The publication of this book is an event in the making. All over the world scientists, psychologists, and philosophers are waiting to read Antonio Damasio's new theory of the nature of consciousness and the construction of the self. A renowned and revered scientist and clinician, Damasio has spent decades following amnesiacs down hospital corridors, waiting for comatose patients to awaken, and devising ingenious research using PET scans to piece together the great puzzle of consciousness.In his bestselling Descartes' Error, Damasio revealed the critical importance of emotion in the making of reason. Building on this foundation, he now shows how consciousness is created. Consciousness is the feeling of what happens-our mind noticing the body's reaction to the world and responding to that experience. Without our bodies there can be no consciousness, which is at heart a mechanism for survival that engages body, emotion, and mind in the glorious spiral of human life. A hymn to thepossibilities of human existence, a magnificent work of ingenious science, a gorgeously written book, The Feeling of What Happens is already being hailed as a classic.
Damasio addresses the problem from a biological and evolutionary perspective and show us that consciousness is not the monolith we are used to think of: rather, it comes in many stages, core and extended.
Under both these two kind there's another level, the 'protoself': an automatic and uncoscious representation held in our brains of everything that happens in our body. This mechanism has the primary role of mantaining the homeostatis, an essential state of equilibrium of our chimical internal state, thus providing a primitive stage for consciousness in the form of a unitary though ever-changing scheme of the organism.
The trick of consciousness happens when we are involved in knowing something.
We have both the sensory cortices of our brain elaborating the characteristics of the object, and the structure of the protoself detecting the changes our organism undergoes in the processing of the object (these may be emotional responses, changes to permit a better elaboration of the input).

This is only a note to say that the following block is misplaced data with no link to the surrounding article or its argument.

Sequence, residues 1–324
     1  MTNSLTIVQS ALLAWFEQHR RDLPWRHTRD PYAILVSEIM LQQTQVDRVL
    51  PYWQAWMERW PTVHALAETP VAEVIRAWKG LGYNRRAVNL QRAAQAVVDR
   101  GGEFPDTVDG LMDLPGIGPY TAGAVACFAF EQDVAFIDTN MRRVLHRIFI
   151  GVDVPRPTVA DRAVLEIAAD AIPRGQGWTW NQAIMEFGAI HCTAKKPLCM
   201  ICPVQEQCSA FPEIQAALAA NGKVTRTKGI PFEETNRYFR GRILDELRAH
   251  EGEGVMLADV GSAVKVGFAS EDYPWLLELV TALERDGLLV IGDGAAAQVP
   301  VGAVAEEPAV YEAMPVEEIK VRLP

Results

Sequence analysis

At this point, the brain elaborate a second-order 'map', a representation which holds both the object processing and the body engaged in the knowing.
It's simple as that.
But this is not the whole picture: here arise a lot of incomprehension in those who hold skeptical opinions on the explanation of consciousness.
The kind described above is the core version of consciousness, owned by a large number of animal species.
It's a simple though very effective survival device because it develops an individual perspective in the organism, an ability to locate itself in its environment and think of innovative strategies for react to possible threats (way better than an unconscious emotional response as fear or rage).
This knowledge though is restricted to the 'here and now': it's the kind owned by a fox, an eagle or a baby.
What makes us human is extended consciousness.
Our brain and their amazing processing power allow us to develop a huge number of memories through all our life, unique facts of which we became conscious.
Extended consciousness springs up when, beside the world we face each instant, we keep continously in mind memories pertaining our identity, our plan for the future, our recent and ancient past.
Only then we could say that 'we' are doing something, that our actions have a meaning.
If someone's afraid that despelling consciousness would throw away our uniqueness as human beings, it's this second kind of consciousness he want to defend, not the former: and he should not be afraid either, because this vision of human mind is even stronger than every other possible religious weirdness.
Two more remarks: extended consciousness doesn't need language: it seems that monkeys has it, as well as some other intelligent species (a gleaming example: your dog). However, language amplifies extremely consciousness' potentialities, expanding our identies like tiny big bangs.
Second: Damasio also scolds philosophers who more often than not muddle up the whole thing. In particular, it's a long debated problem that of the impossibility to experience the mind of an another subject only by means of scientific inquiry and objective knwoledge (how does it feel to be a bat?).
This is a logical fallacy rather than a real problem.
The only time that 'be something' and 'know something' coincide is in our personal experience, and i don't see how it could be otherwise: not much of an argument against scientific research, imho.
Truly, readers interested in better understanding their own human condition or that of others, or consciousness and senses of self, couldn't do much better than to pick up this work if they're willing to put in the focus that the book sometimes requires. It is, without doubt, engaging and powerful throughout, and well worth the time involved.